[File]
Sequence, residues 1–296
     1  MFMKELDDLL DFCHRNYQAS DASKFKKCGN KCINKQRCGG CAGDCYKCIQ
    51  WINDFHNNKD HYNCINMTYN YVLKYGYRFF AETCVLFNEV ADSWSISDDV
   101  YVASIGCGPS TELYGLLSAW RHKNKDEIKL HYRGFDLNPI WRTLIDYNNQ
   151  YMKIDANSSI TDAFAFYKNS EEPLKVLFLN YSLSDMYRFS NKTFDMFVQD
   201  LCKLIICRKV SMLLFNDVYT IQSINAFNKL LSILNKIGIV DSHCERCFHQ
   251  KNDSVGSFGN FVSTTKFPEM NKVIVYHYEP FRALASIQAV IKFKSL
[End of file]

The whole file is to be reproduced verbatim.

Sequence, residues 1–296
     1  MFMKELDDLL DFCHRNYQAS DASKFKKCGN KCINKQRCGG CAGDCYKCIQ
    51  WINDFHNNKD HYNCINMTYN YVLKYGYRFF AETCVLFNEV ADSWSISDDV
   101  YVASIGCGPS TELYGLLSAW RHKNKDEIKL HYRGFDLNPI WRTLIDYNNQ
   151  YMKIDANSSI TDAFAFYKNS EEPLKVLFLN YSLSDMYRFS NKTFDMFVQD
   201  LCKLIICRKV SMLLFNDVYT IQSINAFNKL LSILNKIGIV DSHCERCFHQ
   251  KNDSVGSFGN FVSTTKFPEM NKVIVYHYEP FRALASIQAV IKFKSL